The Courtauld Collection. A Vision for Impressionism
From 20 February to 17 June 2019
For the first time in 60 years, the collection of the British art patron and industrialist Samuel Courtauld returns to Paris. From 20 February to 17 June 2019, the Louis Vuitton Foundation will host some of the greatest paintings of the 20th century.
A Francophile, Samuel Courtauld had a keen interest in French culture and in particular its artistic trends. From 1923 to 1929, he built up a collection of paintings, of mainly French artists, and worked to popularize Impressionism and Post-Impressionism in the United Kingdom.
‘The Courtauld Collection: A Vision for Impressionism’ brings together a selection of around 110 works, including 60 paintings, sculptures, watercolours and sketches. These works include many masterpieces by Manet, Monet, Renoir, Degas, Toulouse-Lautrec, Van Gogh, Gauguin, Seurat, Cézanne, Turner and many others.
The exhibition first of all highlights the works of Cézanne and Seurat, two artists whose work Samuel Courtauld particularly appreciated. Works featured are versions of The Card Players, the Mont Sainte-Victoire with Large Pine by Cézanne and a collection of 14 works by Seurat, including the Young Woman Powdering Herself.
The exhibition also focuses on major works by Manet (A Bar at the Folies-Bergère and one of the versions of The Lunche on on the Grass), Monet (The Saint-Lazare Station), Renoir (The Theatre Box), Toulouse Lautrec (Jane Avril in the Entrance to the Moulin Rouge), Van Gogh (Self-Portrait with Bandaged Ear and A Wheatfield with Cypresses), Gauguin (Nevermore and Te Rerioa) as well as 10 watercolours by Turner.
A landmark exhibition to discover at the impressive Fondation Louis Vuitton!
Creation of the Fondation Louis Vuitton
The project has taken some 13 years to carry out, but the result is spectacular. Right next to the Jardin d’Acclimatation, the brand new Fondation Louis Vuitton rises up in a cloud of impressive glass architecture designed by American architect Frank Gehry. The building resembles a ship in full sail and is located in the heart of the Bois de Boulogne.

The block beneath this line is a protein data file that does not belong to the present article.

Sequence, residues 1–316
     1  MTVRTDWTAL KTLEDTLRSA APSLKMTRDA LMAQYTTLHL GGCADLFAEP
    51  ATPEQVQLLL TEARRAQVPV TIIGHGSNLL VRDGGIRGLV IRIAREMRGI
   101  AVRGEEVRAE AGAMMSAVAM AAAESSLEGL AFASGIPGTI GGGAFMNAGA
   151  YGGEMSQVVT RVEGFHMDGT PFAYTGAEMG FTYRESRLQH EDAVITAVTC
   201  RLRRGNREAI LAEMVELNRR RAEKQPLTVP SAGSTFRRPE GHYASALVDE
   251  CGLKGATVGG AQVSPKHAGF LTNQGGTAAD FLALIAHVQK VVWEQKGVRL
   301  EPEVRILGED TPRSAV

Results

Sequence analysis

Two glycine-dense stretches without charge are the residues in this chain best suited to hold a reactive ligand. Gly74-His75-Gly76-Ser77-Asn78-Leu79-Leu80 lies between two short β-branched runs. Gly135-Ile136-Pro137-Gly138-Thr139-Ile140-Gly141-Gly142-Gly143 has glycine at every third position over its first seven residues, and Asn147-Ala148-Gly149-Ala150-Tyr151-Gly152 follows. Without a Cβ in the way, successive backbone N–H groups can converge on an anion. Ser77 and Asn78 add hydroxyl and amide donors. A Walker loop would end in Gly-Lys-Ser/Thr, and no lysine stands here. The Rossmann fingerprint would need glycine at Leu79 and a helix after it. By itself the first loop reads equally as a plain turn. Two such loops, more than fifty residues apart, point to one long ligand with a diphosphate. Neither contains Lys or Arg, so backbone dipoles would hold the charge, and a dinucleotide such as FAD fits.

Gehry, who designed the Guggenheim Museum in Bilbao, has succeeded in creating a building that stands 46 metres high. Like many of his creations, the construction has neither a facade nor a roof in the traditional sense of the terms. It is composed more of flowing shapes that envelope the interior spaces designed to showcase cultural collections and exhibitions. The Californian architect used 6,000 m² of curved glass panels attached to a steel frame to provide the covering. A team of architects worked intensively on the feasibility of the project, registering some thirty patents in the process!
Gehry said that « when Bernard Arnault suggested that he come and meet him in Paris, he told him nothing at first. He took him to the Jardin d’acclimatiation and then spoke of his project. (Gehry who had lived in Paris in the 1950s knew the city but not that particular place). He said that he felt quite emotional thinking about French writer Proust walking along the pathways there. He said that he realized then that this was a historic place ».
12,000 m² devoted to art
The LVMH group, which supports artistic creation, now has a first-class flagship with a surface area of 12,000 m². Some of this is used to show a selection of works from the Foundation’s collection and from Bernard Arnault’s private collection. In addition to this ‘permanent’ collection, the Foundation also hosts two temporary exhibitions every year as well as musical events in the auditorium.